Anyone check if the powerplay software is up to date? Final Score: 4-2 Leafs
I don’t think anyone would argue that Wednesday’s game was about as boring as it gets when many of us were expecting some high scoring pond hockey. Yet, from an Oilers perspective, it was the kind of ugly road win that they desperately needed to stop the bleeding and prove to themselves that they could lock things down when it mattered most. Heading into the rematch, the Oilers had a wonderful opportunity to leave Toronto with four points as they were facing a depleted Leafs lineup that was missing both Matthews and Thornton from their top line. This was a chance for the Oilers kick a team that was down and win a game where they had a slight advantage, making this a huge opportunity to not only get themselves back to a .500 record and maintain pace near the top of the North Division but also to gain a little bit of confidence as they head into Winnipeg.
In the early going, the Oilers carried over their strong defensive play from Wednesday night and did a fine job of keeping the Leafs to the outside of the ice while also setting themselves up for a quick transition the other way. As steady as they were in the opening period, the bad news was that that they weren’t able to cash in on any of the handful of glorious chances they had and it allowed the Leafs to stick around in a tie game. Moving into the second period, I was hoping that the Oilers would maintain their handle on the defensive side of the puck but after opening the scoring with a shorthanded marker by Draisaitl, they took their foot off the gas and got sloppy with their choices which gave the Leafs a clear opening to counterpunch. Once again, turnovers led to the puck ending up in the back of their own net. Edmonton went from stealing a lead to down by a goal in a matter of minutes and it was incredibly frustrating and, worst of all, avoidable.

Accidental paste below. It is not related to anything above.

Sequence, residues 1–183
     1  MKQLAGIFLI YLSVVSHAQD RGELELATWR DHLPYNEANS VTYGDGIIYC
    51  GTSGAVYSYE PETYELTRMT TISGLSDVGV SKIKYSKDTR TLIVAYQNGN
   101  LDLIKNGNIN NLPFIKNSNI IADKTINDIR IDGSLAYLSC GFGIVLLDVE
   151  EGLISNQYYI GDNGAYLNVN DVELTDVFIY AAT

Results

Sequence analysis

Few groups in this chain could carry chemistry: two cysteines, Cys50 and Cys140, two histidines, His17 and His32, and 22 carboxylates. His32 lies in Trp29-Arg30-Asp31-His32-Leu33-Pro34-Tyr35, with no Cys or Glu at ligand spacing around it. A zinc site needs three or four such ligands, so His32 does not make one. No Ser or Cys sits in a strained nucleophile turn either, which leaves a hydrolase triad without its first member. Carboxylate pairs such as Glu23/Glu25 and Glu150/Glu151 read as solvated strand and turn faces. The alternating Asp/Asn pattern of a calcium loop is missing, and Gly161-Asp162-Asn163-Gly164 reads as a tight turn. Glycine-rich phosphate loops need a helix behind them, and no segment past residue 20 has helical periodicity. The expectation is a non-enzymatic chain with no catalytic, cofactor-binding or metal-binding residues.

Chasing a tie with only 20 minutes to play, I felt like the Oilers were going to have to get greasier with their approach to offence if they were going to even things up because their insistence on fishing for the perfect play wasn’t working out so well. Yeah, it’s great when the beautiful passing plays work — Vesey scored a goal in the second period that will surely make the highlight reels — but when those lanes aren’t opening up for you then you have to pivot to a Plan B. And as if the team was reading my thoughts, Connor McDavid tied the game on a simple play that was a product of a strong forecheck, hard work, and a well placed shot from the point. Unfortunately, McDavid’s temporary tying goal was the lone bright spot as the Leafs were able to cash in on a second powerplay goal whereas the Oilers could not match and our dreams of four points from the 6ix were dashed in flash.
THE BRIGHT SIDE
- Leon Draisaitl is a master at protecting the puck and I just love the way he fights his opposition off with one arm while maintaining puck control with the other and I was loving the way he was showcasing that skill early on. Puck protection didn’t have a whole lot to do with the shorthanded goal he was gifted (1-0) on the back of some fine forechecking by Yamamoto, but his quick hands and stick skill sure did.
- Connor McDavid tied the game up (2-2) with his fourth goal of the season on a perfectly deflected point shot by Ethan Bear that he got a stick on in the high slot. The play started with a nice forecheck by Ryan Nugent-Hopkins who stole the puck in the corner and set Bear up on a tee for the one-timer.
- Kailer Yamamoto has been the most consistent forward so far this season and I cannot get enough of his tenacity on the puck. In terms of overall effort on a shift-by-shift basis, I don’t know how much more this kid has to offer and I wanted to take a second to say how much I appreciate it. He’s a tonne of fun to watch.
- Ryan Nugent-Hopkins looked much more engaged tonight than he was on Wednesday and picked up an assist on McDavid’s goal, giving him five points (2G, 3A) in six games.